Presentation on theme: "CHAPTER 13 Telephone Techniques 13-2 Learning Outcomes (cont.) 13.1 Explain the purpose of the telecommunications equipment commonly found in the medical."— Presentation transcript:
CHAPTER 13 Telephone Techniques
13-2 Learning Outcomes (cont.) 13.1 Explain the purpose of the telecommunications equipment commonly found in the medical office Relate the five Cs of effective communication to telephone communication skills Define the following terms involved in making a good impression on the telephone: telephone etiquette, pitch, pronunciation, enunciation, and tone
13-3 Learning Outcomes (cont.) 13.4 Describe how to appropriately handle the different types of calls coming into the medical practice Summarize the purpose of the office routing list in regards to call screening. 13.6Carry out the procedure for taking a complete telephone message Outline the preparation required prior to making outgoing calls and the skills used in making the phone call.
13-5 Telecommunications Equipment Telephone system Multi-line telephones Automated voice response unit –Answer calls –Make reminder calls –Patient surveys
13-6 Telecommunications Equipment (cont.) Voic Answering machine Answering service
13-7 Cell Phones – Personal and Business Use Personal use –Be considerate of others –Office policy Business use
13-8 Pagers (Beepers) Technology Calling a pager Interactive pagers –Two-way communication –Traditional page capabilities also
13-9 Patient courtesy phone Block long distance Keeps business lines free Limit time
13-10 Telecommunication Devices for the Deaf Specially designed telephone Message is typed and relayed to –Another TDD –Telecommunications relay service (TRS)
13-11 A personal emergency call has been received for the physician, who is currently not in the office. Which device or service would the medical assistant use to contact the physician? Apply Your Knowledge ANSWER: The medical assistant may call the physician on his cell phone or use a pager or interactive pager to contact a physician who is out of the office. Hello! Right Answer!!!!
13-12 Effective Telephone Communication Present a positive image Convey a caring, attentive and helpful image Professional and knowledgeable
13-13 Communication Skills Using tact and sensitivity Showing empathy Giving respect Being genuine Being open and friendly Not passing judgment or stereotyping other
13-14 Communication Skills (cont.) Being supportive Asking for clarification and feedback Paraphrasing to ensure understanding Being receptive to the patient’s needs Knowing when to speak and when to listen Considers other viewpoints
13-15 Communication Skills (cont.)
13-16 Guidelines for Using the Telephone Effectively Answer promptly Hold the mouthpiece about an inch away from your mouth Leave one hand free to write with Give the practice name and your name Acknowledge the caller, be willing to assist
13-17 Guidelines for Using the Telephone Effectively Always be courteous, calm, and pleasant Identify the nature of the call, devote full attention to the caller Allow caller to hang up first; say goodbye and use the caller’s name Comply with HIPAA guidelines
13-18 Apply Your Knowledge What should effective telephone communication convey? ANSWER: It should convey : A positive, professional image of the medical practice That the staff is caring, attentive, and helpful That the staff is knowledgeable
13-19 Telephone Etiquette Your telephone voice –Speak directly into the receiver –Smile –Visualize the caller –Be friendly, respectful, helpful, and alert
13-20 Telephone Etiquette Your telephone voice –Use non-technical language –Use a normal tone, but attempt to vary your pitch –Make the caller feel important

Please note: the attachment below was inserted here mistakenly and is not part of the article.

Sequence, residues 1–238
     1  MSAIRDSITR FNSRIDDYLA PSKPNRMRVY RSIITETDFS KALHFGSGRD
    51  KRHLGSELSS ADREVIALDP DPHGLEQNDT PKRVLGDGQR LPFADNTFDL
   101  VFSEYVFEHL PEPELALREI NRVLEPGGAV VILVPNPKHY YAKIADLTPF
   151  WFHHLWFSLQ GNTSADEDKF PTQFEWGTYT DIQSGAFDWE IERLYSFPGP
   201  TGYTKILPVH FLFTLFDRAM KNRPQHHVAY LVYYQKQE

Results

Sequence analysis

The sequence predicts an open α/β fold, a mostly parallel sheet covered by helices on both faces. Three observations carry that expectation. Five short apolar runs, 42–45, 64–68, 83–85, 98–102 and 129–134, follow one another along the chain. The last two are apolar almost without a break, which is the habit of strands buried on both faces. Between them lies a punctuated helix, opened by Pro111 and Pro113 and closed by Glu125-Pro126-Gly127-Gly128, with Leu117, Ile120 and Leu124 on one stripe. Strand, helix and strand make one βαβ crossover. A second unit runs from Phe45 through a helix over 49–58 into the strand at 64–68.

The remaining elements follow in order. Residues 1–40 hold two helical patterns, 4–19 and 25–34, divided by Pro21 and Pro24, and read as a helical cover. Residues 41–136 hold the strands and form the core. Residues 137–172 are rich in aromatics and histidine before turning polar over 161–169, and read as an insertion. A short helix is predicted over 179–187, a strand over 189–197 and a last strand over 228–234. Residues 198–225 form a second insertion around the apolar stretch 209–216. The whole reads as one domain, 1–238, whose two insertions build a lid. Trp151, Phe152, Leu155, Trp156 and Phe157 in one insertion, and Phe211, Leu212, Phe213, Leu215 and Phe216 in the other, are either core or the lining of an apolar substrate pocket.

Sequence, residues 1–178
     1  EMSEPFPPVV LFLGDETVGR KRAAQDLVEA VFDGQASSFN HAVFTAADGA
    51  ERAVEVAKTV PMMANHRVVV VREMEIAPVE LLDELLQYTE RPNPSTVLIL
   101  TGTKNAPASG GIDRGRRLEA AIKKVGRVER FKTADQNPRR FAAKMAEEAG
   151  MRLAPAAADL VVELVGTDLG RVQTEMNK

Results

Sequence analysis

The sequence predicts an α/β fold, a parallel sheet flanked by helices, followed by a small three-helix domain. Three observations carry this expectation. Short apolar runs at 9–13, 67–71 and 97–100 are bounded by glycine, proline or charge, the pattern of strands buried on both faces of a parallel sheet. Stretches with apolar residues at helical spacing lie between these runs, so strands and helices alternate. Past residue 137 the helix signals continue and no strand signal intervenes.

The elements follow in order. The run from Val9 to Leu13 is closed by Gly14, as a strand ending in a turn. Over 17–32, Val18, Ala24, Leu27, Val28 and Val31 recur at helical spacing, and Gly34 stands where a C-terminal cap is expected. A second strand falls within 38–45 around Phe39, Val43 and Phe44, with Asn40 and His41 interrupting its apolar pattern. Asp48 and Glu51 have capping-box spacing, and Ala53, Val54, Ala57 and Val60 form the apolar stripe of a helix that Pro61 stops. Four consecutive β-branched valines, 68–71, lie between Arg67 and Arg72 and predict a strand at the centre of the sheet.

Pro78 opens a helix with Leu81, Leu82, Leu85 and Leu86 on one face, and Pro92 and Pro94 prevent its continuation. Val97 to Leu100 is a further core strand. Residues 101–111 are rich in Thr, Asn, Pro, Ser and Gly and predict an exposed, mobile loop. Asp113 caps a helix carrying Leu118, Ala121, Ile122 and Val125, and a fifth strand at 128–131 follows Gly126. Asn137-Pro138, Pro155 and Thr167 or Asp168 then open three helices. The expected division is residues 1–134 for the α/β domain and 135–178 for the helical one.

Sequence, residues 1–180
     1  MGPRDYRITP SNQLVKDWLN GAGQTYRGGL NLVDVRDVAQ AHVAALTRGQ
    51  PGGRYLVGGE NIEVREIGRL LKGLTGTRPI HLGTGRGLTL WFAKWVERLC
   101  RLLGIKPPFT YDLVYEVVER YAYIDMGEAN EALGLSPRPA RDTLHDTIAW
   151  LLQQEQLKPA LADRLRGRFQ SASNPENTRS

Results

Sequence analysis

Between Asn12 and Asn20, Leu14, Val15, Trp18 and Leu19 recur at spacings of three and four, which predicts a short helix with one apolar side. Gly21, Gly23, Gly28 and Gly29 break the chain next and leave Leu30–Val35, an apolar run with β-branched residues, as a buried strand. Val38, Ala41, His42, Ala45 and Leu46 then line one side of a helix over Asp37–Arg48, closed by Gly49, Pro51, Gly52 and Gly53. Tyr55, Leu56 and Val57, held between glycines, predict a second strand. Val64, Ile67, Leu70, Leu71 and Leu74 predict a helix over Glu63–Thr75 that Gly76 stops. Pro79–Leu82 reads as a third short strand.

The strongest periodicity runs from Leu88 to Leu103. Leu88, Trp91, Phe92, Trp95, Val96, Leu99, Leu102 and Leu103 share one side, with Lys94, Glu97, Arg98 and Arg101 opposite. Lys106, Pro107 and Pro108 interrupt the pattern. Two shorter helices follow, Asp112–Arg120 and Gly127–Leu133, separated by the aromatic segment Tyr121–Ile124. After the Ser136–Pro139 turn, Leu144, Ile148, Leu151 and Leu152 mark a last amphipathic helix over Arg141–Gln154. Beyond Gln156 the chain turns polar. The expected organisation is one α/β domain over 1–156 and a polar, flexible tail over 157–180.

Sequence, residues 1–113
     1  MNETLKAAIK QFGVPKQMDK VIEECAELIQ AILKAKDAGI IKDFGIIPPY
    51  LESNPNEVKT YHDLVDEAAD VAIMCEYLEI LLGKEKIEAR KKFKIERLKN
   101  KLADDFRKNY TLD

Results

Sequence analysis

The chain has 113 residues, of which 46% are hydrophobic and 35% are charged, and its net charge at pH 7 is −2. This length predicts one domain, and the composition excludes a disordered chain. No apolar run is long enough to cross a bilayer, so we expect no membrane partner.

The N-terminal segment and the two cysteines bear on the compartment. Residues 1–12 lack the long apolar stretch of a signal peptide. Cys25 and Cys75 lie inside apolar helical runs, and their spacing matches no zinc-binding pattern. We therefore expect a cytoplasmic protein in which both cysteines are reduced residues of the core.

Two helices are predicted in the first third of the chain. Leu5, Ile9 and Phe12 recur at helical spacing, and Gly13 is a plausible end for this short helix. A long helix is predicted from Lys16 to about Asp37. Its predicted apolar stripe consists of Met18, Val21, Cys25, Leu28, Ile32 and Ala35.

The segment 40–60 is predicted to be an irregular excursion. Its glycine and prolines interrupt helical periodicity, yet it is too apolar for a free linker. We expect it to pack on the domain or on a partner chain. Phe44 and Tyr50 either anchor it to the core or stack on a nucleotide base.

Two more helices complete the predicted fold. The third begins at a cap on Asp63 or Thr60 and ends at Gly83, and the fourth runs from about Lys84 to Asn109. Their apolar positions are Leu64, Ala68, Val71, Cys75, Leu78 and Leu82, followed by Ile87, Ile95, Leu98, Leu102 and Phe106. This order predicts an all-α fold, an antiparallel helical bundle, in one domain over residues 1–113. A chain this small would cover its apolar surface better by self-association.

13-21 Your Telephone Voice Saying words correctly Pronunciation Clear and distinct speaking EnunciationTone Positive and respectful
13-22 Making a Good Impression Exhibiting courtesy Giving undivided attention Putting a call on hold –Ask the purpose –Ask permission –Offer to call back –Return to caller frequently
13-23 Making a Good Impression (cont.) Returning calls Remembering patient names Checking for understanding
13-24 Communicating feelings – empathy Ending the conversation –Summarize important points –Thank the caller for calling –Allow the caller to hang up first Making a Good Impression (cont.)
13-25 Apply Your Knowledge The medical assistant is just returning from lunch, and the office telephone is ringing. When the medical assistant answers, the caller interrupts her greeting and says, “No, do not put me on hold again, I have been on hold for 10 minutes!” How should the medical assistant respond to this caller? ANSWER: The medical assistant should remain calm, allow the caller to express his or her concerns, apologize for any inconvenience, and inform the caller that you would like to help. The MA should not attempt to shift the blame by telling the caller that he or she was just returning from lunch and instead should put effort into assisting the caller.
13-26 From PatientsMedical Assistant Role AppointmentsMake or change appointments Billing InquiriesClarify bill or charges Help set up payment arrangements if possible Diagnostic Reports Document what information is given to the patient Questions about Medications Get approval for renewals Answer questions about medications Types of Incoming Calls
13-27 Types of Incoming Calls (cont.) From PatientsMedical Assistant Role Reports of SymptomsListen carefully and document Schedule appointment as needed Progress ReportsRoute follow-up calls to the physician Document call in patient record Requests for AdviceDo not give any medical advice ComplaintsRemain calm and listen carefully Apologize for any inconveniences Follow through to resolve issue
13-28 Types of Incoming Calls (cont.) Attorneys Other physicians Salespeople Conference calls
13-29 Apply Your Knowledge A medical assistant working in a large medical/surgical practice answers the telephone. The caller states “Hi, I’m Dr. X., did Dr. C. perform Mrs. A. W.’s surgery yesterday?” How should the medical assistant respond? ANSWER: The medical assistant should request that Dr. X hold to speak with the physician. You may not disclose any information concerning a patient, including whether or not patient A.W. had surgery, even to a physician. In addition, this may not really be Dr. X.